- Television: Fred made history with his TV specials, An Evening With Fred Astaire, Another Evening With Fred Astaire, Astaire Time and the Fred Astaire Show. The first won nine Emmys, more than any other show in history with Fred winning best performance. Also, Fred won an emmy for his acting in A Family Upside Down, a made for TV movie. All of the above are a bit hard to find, but you can try eBay.
- Music: Fred had lots of great songs written especially for him, and he's a great vocalist. He had a good number of hits and a small number of #1 songs. For a good starting album, you could try Cocktail Hour: Fred Astaire, a two CD set with many of his studio recordings on the Brunswick label, among which are most of his #1 hits. He also recorded a fantastic album of his songs with a small combo that included Oscar Peterson, Charlie Shavers and other distinguished artistes, The Astaire Story. You can also get soundtrack recordings with Fred Astaire At MGM and Fred and Ginger at RKO. See my page on obtaining the recordings for more info.
- Books: See the next question.
And you can always go watch the musicals again. You might have missed something!
As we sit peering intently at the fuzzy scene on screen, I turn to Susan Z and say "You know, Susan, between the two of us we've probably seen this dance 500 times, and yet here we are..."
"Enthralled?" Susan interrupts. "But Luann, we might see something we never noticed before!"
- Luann Wilkins Abrahams, Fred Astaire Mailing List member, on watching the 'coatrack' dance from Royal Wedding for the umpteenth time.
5. I'd like to read more about Fred. What books are worthwhile?
A more detailed treatment should be up at the Fred in Print page soon, but here's a brief rundown of the starting points and highlights:
- Steps in Time Fred's autobiography. Fred writes with his typical warmth and self-deprecating humour. It's a wonderful inside look at his life and his movies and a must-have for any fan of Fred's- or movies in general.
- Fred Astaire: His Friends Talk It's hard to find anyone who had anything bad to say about Fred. As noted in question one above, the worse thing that was said about him was how hard he worked and how hard he worked his colleagues when making movies. This book by Sarah Giles is full of stories, tributes and anecdotes about Fred from the people who really knew him. It's wonderful to read so many people from so many different backgrounds attest to his greatness.
- Fred Astaire Written by Stephen Harvey, and part of the Pyramid Illustrated History of the Movies series. Nicely written and succinct, and is recommended by quite a few Astaire fans on the Fred Astaire Mailing list. A good place to start in terms of biographies.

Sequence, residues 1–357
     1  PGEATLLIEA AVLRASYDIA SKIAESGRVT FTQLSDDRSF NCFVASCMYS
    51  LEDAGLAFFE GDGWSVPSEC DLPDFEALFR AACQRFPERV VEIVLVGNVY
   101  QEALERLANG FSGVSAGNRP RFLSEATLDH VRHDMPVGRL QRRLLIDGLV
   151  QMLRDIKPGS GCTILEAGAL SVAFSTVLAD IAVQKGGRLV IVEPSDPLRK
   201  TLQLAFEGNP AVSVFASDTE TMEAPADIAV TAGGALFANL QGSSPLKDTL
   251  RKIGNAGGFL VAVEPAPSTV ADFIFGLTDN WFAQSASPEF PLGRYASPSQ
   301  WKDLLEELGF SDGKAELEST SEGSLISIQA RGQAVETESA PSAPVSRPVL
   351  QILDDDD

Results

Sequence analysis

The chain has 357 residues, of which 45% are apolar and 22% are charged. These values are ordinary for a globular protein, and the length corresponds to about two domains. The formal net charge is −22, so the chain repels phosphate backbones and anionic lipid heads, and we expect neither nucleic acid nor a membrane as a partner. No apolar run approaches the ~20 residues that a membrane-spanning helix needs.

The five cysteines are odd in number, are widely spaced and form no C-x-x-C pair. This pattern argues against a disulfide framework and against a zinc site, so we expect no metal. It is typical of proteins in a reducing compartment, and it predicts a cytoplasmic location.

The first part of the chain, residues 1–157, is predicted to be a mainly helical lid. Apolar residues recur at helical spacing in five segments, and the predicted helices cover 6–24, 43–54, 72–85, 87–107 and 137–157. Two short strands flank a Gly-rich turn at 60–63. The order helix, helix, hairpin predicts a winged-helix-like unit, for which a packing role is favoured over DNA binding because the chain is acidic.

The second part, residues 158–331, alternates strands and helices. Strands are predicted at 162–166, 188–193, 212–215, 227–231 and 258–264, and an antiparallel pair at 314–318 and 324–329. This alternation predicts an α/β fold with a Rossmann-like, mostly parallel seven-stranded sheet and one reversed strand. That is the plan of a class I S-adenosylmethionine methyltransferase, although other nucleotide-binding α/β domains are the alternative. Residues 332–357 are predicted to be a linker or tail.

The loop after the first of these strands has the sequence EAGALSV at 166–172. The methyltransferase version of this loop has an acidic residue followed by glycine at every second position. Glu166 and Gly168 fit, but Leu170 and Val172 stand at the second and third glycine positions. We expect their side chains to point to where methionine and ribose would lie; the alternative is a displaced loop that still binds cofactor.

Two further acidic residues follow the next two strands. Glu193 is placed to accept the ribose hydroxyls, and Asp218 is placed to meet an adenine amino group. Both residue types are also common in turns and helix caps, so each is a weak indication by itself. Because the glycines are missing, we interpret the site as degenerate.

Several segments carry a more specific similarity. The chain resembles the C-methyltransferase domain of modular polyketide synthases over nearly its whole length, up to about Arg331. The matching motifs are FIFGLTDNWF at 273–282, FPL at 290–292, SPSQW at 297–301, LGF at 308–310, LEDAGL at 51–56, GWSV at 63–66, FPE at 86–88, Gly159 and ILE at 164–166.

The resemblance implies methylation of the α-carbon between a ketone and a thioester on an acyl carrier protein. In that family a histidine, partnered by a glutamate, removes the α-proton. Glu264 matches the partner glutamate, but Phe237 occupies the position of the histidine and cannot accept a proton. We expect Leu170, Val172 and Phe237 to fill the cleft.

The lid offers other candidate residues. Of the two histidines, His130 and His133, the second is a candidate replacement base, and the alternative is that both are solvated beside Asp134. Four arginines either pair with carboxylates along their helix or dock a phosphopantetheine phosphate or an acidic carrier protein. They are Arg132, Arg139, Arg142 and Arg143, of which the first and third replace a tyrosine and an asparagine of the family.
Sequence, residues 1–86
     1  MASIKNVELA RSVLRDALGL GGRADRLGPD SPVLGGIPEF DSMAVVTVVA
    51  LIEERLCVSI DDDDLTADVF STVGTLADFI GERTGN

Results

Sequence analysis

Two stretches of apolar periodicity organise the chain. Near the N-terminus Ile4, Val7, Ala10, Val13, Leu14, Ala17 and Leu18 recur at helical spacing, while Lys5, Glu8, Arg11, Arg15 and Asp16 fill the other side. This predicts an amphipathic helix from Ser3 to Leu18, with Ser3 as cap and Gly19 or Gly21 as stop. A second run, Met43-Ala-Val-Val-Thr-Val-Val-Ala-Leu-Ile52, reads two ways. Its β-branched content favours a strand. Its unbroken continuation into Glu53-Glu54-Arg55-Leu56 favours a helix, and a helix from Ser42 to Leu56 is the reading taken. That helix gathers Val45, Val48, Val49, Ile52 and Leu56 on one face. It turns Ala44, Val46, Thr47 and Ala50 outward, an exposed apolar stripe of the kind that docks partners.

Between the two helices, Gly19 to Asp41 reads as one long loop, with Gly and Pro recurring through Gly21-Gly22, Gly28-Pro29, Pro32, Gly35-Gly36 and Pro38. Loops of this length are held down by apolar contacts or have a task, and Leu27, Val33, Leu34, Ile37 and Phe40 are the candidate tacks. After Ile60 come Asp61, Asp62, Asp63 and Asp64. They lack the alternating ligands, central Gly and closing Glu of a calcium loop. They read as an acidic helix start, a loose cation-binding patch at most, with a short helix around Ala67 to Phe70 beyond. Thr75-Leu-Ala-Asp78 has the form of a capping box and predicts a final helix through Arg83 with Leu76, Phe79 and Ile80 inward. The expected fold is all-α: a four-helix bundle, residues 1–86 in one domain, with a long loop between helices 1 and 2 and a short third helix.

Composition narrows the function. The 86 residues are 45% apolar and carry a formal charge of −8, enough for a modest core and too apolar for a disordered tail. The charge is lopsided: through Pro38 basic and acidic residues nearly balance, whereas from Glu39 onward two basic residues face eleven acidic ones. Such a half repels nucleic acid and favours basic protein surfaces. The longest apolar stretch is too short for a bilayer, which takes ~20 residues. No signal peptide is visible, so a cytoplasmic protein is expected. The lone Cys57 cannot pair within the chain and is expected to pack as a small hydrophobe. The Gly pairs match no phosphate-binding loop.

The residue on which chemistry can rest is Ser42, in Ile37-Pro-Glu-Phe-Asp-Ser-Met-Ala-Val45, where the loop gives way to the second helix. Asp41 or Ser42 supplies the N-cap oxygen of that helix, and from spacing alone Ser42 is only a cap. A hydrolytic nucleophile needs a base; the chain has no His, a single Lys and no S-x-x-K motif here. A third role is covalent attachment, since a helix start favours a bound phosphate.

Once you're ready to get serious, get these two books:
- Fred Astaire by Larry Billman. Part of the Greenwood Press Bio-Bibliography Series. Exhaustively researched by a man who knew Fred and was a fan of his. This book is the most comprehensive of all the Fred biographies. Almost everything you need to know about Fred is here in this tome. What isn't is on this website (I hope)!
- Astaire Dancing : The Musical Films John E. Mueller's book is the best book to won and a must-have for the serious Fred fan. It breaks down every single one of Fred's 31 musicals, dance by dance, sequence by sequence, step by step. With hundreds of stills and fantastic commentary, this book is vital to understanding Fred's movies.
6. I'm having problems obtaining something. Where can I do so?
Unfortunately some of Fred's movies are out of print, as well as many other things. If you've tried my Buy Fred pages with no luck, here's what you can do.
- Movies/TV Shows: If you're in the USA and have cable, be patient. Almost all of Fred's movies are shown on Turner Classic Movies or American Movie Classics. You can always write in and request a show of his. Occasionally, other channels carry his shows, for example Fox. His television appearances may turn up on TVLand. Try this page for a list of his appearances on TV this month. To purchase, or if you're impatient, try Collector's Choice Video, which has a greater range, but at higher price. And there's always ebay. For PAL format, try Blackstar
- Music: If you've exhausted used CD and record stores, you can give Collector's Choice Music a shot, but chances are low. Otherwise, I can only suggest ebay.
7. I'm now a fan! I'd like to talk to or meet other fans. Where can I do so?
Join the Fred Astaire Mailing List, and say hello, and tell us about yourself and how you discovered Fred! We'd be happy to have you.
You can also drop Fred's name into conversations or whereever. I've made a number of friends just by mentioning his name. It's amazing!